The Brand is the Thing
Every writer is a novelist in November. With a few simple steps that one month of noveling can produce a commercially successful ebook. The nitty-gritty on how Nano works can be found here: http://www.nanowrimo.org.
No. 1 Genre. The first step to getting into the top 1% of Kindle books (ranking about 11,000, selling about 5 a day) is to pick your favorite commercially successful genre.
James Scott Bell explains in Plot and Structure that a commercially successful novel is one that meets reader expectations by adhering to a formula. Sound fun? It can be if you think of the formula as nothing more than the skeleton that holds your crazy ideas together. One look at the bestseller list at Amazon.com shows that genre fiction rules the list. Right now Fantasy, Suspense, Mystery, and Romance fill out the top ten. This list is updated hourly and is a great resource for studying what sells well for Kindle.
Nanowrimo requires 50,000 words for a winning novel, so picking a genre that allows for short novels is also a smart move. Mystery, Romance, or Young Adult Paranormal work well. Science Fiction and Fantasy are hot sellers for ebooks, but you need to be willing to put in the time as those readers love epic stories.
No. 2 Brand. Before I had written one word of my first mystery, I knew I wanted to call it Foreclosed. In 2009 there was nothing more terrifying to the average American.
Branding is your chance to let the media advertise your book for you. Hone in on something that is in the news and on our minds. This could be as simple as picking “Christmas” and planning to release over Black Friday. It could be as controversial as Sandosky or as innocent as Tebow. But when considering your brand be sure to pick something you know well and enjoy.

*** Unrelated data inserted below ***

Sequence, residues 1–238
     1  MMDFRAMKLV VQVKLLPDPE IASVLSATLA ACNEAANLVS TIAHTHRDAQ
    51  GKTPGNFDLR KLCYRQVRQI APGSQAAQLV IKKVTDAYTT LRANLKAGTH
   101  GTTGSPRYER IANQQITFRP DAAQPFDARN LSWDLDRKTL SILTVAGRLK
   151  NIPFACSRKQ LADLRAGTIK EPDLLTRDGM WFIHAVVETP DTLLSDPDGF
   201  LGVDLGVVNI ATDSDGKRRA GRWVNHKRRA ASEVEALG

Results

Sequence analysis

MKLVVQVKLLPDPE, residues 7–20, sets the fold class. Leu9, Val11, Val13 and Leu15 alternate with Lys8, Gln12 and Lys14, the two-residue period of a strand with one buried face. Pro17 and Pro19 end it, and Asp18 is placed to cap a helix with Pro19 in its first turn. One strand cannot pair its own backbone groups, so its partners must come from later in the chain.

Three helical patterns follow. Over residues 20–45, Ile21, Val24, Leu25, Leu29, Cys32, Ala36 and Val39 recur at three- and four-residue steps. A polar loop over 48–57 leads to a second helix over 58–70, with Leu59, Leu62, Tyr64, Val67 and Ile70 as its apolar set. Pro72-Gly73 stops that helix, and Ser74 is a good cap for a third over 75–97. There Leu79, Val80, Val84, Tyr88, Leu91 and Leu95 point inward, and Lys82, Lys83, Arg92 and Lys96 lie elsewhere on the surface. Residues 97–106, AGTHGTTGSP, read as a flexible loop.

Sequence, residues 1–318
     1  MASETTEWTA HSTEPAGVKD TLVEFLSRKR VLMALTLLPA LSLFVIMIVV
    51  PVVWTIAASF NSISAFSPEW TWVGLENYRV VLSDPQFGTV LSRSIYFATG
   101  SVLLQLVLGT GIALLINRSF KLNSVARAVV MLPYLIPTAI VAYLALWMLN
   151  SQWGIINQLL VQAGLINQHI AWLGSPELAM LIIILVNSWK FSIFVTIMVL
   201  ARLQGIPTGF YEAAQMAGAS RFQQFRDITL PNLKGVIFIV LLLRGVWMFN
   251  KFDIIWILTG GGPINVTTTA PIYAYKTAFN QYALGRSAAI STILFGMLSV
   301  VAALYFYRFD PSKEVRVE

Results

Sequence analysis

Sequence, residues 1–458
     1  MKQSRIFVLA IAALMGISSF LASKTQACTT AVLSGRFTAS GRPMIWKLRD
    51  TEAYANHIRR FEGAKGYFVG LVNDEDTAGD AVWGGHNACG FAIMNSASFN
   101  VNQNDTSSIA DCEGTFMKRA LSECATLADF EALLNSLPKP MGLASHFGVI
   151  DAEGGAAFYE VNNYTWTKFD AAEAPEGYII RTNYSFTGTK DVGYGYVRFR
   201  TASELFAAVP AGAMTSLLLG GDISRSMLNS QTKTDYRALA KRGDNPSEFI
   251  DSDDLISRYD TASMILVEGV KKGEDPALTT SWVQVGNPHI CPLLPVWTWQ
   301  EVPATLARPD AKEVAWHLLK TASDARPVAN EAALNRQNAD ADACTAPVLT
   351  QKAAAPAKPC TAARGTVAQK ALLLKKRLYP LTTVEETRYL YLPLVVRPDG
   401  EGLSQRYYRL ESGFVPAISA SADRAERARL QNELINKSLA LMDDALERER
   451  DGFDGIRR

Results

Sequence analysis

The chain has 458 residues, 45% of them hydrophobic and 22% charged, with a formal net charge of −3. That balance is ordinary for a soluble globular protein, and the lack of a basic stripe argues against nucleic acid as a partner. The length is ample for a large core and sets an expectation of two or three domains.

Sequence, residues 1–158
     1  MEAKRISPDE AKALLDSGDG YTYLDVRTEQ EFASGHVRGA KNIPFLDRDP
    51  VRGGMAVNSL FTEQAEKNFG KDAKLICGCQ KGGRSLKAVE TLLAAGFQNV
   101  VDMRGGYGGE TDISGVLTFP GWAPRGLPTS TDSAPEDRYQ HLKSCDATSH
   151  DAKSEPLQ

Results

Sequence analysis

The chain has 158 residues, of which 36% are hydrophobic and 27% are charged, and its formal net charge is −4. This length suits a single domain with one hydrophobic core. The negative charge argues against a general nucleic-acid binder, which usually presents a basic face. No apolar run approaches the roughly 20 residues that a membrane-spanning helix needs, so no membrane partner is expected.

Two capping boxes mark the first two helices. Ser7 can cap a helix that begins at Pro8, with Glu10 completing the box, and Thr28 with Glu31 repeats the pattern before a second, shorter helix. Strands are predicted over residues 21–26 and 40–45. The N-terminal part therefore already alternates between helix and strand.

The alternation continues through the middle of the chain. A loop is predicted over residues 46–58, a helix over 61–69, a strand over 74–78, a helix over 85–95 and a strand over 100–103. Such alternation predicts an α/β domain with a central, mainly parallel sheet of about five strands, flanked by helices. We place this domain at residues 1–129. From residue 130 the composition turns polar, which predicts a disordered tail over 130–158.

Let’s take “Occupy” for brand. Everyone is talking about the Occupy Movement. The masses of passionate people gathered together make almost any story possible. If this were November, I’d write a romance novel and call it Occupy my Heart: Love in the 99%. Cheesy? Yes, but it tells you exactly what the story is about has two major search terms which would be excellent for future marketing.
No. 3 Pre-Write. Plot your heart out before November. There are many excellent books on plotting, such as Bell’s book and Writing Fiction for Dummies. Using a calendar is an immense help for me, as keeping all the pieces in chronological order is a challenge. Also, as you plan your scenes keep in mind all of them need to move the conflict forward. Ask yourself as you plan, “How would the story change if this scene was gone?” If the scene you potted is a bunch of unnecessary sassafras, don’t write it!.
At just 1667 words a day, your 50,000 word novella is easily achieved. If you set aside two hours every single day you should have no problem meeting your goal.
Next issue: Editing: The Curse of the Indies.
Traci Tyne Hilton is an award winning playwright from Portland, Oregon and the author of The Mitzy Neuhaus Mysteries.
Traci earned a degree in History from Portland State University and still lives in the rainiest part of the Pacific Northwest.
More of Traci’s work can be found at http://www.tracihilton.com